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The Miami Marlins made history when Kim Ng was promoted to General Manager on November 13. The move made Ng the highest-ranking woman in U.S. professional sports, but also triggered a string of significant fires. She became the first woman General Manager of a major North American sports team, as well as the first person of East Asian descent to hold the position.
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November: Sarah Fuller becomes first woman to score in Power Five game
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Due to COVID-19 infections dramatically impacting the Vanderbilt football team, Fuller was brought over on loan from the University soccer team. When she kicked off against the Missouri Tigers in the second half, she became the first woman to play in Power Five football game. The following week, she kicked an extra point in the first quarter, she made history again by becoming the first woman to score in a Power Five game.
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December: Romain Grosjean survives horrific crash
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At the 2020 Bahrain Grand Prix, Grosjean walked away from one of the most terrifying crashes in F1 history. Grosjean’s car collided with the race barrier traveling at 137 mph, splitting in half in the process and catching fire. Grosjean endured the flames for 28 seconds, before exiting the wreckage on his own. Miraculously, he suffered only second-degree burns and broke no bones.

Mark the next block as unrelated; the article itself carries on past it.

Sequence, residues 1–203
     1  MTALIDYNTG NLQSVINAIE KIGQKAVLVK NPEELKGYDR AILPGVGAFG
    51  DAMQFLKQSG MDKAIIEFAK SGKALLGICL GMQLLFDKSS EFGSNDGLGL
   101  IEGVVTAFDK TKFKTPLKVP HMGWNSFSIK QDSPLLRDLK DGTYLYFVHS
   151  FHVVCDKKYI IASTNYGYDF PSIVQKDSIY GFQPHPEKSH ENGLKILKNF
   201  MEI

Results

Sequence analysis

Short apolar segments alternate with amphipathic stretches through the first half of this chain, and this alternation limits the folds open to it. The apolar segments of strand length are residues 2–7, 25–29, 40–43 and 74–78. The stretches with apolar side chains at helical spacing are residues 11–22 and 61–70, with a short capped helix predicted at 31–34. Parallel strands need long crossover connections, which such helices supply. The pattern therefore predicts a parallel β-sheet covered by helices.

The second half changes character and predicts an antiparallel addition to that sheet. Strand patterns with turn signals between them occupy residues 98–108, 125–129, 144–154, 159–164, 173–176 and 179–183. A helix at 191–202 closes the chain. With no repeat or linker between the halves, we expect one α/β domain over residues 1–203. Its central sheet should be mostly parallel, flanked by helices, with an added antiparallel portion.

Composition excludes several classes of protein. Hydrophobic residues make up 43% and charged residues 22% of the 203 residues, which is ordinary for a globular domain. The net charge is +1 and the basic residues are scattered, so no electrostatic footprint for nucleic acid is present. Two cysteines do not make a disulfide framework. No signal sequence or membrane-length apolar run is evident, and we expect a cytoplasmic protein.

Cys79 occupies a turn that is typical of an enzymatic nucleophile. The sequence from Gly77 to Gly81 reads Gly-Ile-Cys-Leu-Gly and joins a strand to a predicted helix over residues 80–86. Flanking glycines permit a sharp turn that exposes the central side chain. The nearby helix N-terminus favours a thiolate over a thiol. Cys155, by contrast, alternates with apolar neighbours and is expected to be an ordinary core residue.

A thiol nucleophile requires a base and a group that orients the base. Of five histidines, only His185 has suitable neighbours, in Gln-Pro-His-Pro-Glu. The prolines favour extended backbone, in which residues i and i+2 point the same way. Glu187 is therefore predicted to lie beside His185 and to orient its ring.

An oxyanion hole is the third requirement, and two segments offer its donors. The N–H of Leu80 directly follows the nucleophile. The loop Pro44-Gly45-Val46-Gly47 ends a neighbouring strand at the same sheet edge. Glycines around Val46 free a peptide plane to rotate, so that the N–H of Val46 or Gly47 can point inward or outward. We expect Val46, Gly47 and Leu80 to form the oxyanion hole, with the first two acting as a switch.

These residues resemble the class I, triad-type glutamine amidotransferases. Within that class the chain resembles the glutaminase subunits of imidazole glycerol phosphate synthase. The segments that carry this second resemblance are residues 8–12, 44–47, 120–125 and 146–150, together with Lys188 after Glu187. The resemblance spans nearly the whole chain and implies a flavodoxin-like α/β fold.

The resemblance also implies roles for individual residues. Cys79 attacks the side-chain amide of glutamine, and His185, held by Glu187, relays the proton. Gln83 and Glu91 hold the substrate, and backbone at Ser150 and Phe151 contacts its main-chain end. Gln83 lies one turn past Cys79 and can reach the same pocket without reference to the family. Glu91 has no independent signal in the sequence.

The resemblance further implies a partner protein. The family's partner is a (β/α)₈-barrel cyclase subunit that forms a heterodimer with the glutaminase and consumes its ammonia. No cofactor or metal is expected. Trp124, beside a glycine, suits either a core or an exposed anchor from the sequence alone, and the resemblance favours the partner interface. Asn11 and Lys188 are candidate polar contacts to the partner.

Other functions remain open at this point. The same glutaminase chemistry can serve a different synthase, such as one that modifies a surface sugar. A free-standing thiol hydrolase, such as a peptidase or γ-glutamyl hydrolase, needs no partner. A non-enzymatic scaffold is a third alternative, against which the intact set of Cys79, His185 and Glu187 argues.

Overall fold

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In December of 2019, the Philadelphia Flyers forward announced he had been diagnosed with a rare bone disease called Ewing’s sarcoma. After completing chemotherapy in July, he signed a three-year extension with the Flyers and was able to return to the ice for playoffs, due to the extension of the season. In December –369 days after his initial announcement— Lindblom announced that he been deemed cancer-free.
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December: Charlie Woods shows the apple didn’t fall far from the tree
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One of the more heartwarming moments of the year came when Tiger Woods and his 11-year-old son Charlie competed together at the PNC Championship. The father-son duo showed up in the customary red that adorns a Woods’ Sunday appearance, with the younger Woods’ showing the same type of competitive flair that his father has made famous. Charlie became the youngest competitor in the tournament’s history, as the pair shot -7 for the tournament.